Trust and Transparency: Themes from Nashville’s Healthcare Industry

Yesterday I was honored to be part of a panel discussion on healthcare technology entrepreneurship alongside Chase Spurlock of IQuity, John Bass of Hashed Health and Austin Dirks of Greenlight Medical– each of whom has built impressive organizations that use technology to address problems across the care continuum. We spoke to a delegation from the Association of British HealthTech Industries (ABHI), who were invited by Brian Moyer, CEO of the Nashville Technology Council, to learn more about healthcare innovation in Nashville. With Nashville at the epicenter of the healthcare ecosystem in the United States, we had the opportunity to share our own stories of how innovation is flourishing in Music City.

For me, two themes emerged from the discussion, thoughtfully articulated by John regarding what blockchain seeks to address in healthcare: the need for trust and the need for transparency. While we aren’t in the blockchain space currently, trust and transparency rang true to me as some of the most pressing challenges and opportunities I face, a sentiment that I felt was echoed by each of the other panelists.

As it relates to Xsolis, trust and transparency are fundamentals underscoring every part of our business: customer service and support, data science, communication, payer and provider alignment, and beyond. From a customer standpoint, trust and transparency are essential to each interaction with our clients. For data science, building trust in evidence-based, analytics-driven technology is essential to moving our industry forward.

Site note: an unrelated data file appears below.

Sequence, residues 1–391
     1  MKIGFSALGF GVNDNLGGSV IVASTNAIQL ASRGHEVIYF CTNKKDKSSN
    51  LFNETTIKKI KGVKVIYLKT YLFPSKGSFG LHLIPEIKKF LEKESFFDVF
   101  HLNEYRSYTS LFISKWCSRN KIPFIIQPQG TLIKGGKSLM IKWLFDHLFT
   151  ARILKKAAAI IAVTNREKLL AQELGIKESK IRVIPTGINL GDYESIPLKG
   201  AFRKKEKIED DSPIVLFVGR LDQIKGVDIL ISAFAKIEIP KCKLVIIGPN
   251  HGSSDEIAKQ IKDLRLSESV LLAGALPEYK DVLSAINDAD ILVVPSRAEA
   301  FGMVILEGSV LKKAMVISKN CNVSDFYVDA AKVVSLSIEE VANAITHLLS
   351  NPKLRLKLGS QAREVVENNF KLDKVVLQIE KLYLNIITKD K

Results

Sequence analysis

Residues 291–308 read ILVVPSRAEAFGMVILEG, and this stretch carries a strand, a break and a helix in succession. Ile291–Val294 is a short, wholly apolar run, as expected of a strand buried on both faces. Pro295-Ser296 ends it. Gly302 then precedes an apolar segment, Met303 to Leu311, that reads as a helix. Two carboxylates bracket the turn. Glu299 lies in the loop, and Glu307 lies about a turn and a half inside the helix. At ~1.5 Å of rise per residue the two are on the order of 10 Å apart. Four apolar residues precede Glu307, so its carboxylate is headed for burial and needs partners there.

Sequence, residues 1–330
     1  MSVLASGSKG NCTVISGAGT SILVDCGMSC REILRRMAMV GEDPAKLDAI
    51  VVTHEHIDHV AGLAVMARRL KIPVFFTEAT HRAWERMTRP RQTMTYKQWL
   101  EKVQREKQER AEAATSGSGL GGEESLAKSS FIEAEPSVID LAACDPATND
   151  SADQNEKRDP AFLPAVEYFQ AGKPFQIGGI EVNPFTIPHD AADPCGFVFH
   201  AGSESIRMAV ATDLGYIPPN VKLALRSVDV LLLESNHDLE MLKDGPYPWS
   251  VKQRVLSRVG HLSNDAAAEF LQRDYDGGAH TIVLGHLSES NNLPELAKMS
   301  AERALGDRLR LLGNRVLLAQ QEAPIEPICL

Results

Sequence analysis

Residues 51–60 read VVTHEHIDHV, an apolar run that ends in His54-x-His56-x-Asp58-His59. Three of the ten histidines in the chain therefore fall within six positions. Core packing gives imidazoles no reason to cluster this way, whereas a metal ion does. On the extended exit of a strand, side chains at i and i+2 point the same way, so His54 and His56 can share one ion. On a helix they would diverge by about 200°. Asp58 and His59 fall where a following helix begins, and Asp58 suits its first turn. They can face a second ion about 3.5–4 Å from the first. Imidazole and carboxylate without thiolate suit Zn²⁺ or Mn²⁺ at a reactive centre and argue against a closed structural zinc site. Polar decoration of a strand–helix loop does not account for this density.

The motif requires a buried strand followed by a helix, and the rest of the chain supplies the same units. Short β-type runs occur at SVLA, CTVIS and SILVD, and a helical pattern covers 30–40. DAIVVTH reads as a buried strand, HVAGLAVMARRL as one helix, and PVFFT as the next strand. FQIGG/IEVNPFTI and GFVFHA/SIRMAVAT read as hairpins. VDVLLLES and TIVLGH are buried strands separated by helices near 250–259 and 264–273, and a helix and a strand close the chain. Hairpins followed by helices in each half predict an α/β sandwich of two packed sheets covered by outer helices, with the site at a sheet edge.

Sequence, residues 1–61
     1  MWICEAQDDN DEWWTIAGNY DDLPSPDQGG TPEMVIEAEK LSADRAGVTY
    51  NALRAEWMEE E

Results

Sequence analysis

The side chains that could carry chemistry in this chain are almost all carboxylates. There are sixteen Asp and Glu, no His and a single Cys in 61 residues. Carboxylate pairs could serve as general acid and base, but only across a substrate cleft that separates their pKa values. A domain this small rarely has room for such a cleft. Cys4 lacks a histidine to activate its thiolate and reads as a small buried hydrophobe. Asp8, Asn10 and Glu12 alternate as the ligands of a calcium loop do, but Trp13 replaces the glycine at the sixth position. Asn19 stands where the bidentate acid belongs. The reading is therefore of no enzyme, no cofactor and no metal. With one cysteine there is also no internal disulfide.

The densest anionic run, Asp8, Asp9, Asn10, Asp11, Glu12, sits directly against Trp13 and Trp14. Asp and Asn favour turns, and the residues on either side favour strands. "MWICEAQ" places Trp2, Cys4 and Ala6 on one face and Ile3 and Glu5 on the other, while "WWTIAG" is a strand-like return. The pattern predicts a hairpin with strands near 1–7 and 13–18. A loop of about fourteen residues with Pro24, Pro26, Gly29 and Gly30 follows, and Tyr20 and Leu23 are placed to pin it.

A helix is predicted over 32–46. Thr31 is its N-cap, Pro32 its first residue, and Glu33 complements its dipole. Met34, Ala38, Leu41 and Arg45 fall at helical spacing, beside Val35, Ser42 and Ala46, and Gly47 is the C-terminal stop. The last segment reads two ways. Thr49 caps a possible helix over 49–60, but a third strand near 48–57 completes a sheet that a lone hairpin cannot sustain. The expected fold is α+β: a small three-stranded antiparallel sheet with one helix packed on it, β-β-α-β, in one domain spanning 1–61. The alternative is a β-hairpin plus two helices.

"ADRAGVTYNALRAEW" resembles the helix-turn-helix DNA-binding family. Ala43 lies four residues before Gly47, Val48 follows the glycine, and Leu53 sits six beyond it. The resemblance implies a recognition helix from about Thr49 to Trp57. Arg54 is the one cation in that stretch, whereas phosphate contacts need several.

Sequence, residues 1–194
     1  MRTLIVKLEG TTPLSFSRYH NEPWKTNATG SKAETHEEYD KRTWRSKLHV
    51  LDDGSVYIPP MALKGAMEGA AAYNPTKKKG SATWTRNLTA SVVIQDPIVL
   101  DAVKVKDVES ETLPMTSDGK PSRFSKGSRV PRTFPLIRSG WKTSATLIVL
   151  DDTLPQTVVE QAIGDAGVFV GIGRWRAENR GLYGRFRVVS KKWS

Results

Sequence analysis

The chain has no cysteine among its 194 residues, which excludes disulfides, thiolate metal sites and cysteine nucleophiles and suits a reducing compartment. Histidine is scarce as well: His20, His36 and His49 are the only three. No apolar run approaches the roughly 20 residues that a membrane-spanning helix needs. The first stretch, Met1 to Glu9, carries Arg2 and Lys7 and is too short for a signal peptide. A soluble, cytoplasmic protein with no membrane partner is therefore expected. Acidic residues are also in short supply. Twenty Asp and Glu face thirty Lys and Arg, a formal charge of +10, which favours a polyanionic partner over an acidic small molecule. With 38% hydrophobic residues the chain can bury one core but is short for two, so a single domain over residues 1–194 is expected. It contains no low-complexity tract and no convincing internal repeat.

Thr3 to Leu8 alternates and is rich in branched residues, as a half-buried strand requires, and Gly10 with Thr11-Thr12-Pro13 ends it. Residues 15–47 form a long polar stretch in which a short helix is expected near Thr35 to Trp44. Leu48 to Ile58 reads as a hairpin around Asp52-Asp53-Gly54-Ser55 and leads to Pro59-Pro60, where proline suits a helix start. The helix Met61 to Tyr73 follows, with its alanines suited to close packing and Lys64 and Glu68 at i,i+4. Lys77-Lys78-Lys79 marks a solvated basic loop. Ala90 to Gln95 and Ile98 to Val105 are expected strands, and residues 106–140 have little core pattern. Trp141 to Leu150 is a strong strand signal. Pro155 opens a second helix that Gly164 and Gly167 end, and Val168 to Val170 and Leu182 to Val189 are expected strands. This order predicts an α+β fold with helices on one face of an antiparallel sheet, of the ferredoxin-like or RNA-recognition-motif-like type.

In communication – across all facets of the organization, top to bottom – trust and transparency build the type of relationships and atmosphere that allow us to fail forward and succeed as one. And as Xsolis looks towards helping construct a collaborative, data-driven future of healthcare, trust and transparency have never been so essential: transparency around incentives leads to trust in outcomes and a relationship that benefits patients first and foremost. And from a entrepreneur’s perspective, trust and transparency with my employees, partners and clients is simply the only way of doing business.

As I look back on the years since founding Xsolis, I’m thankful for the forward-thinking healthcare leaders in Nashville who have allowed me to think differently, establish my own foundation of trust and grow an organization that is poised to change the industry. As I look towards healthcare’s future, Nashville offers my organization a front-row seat.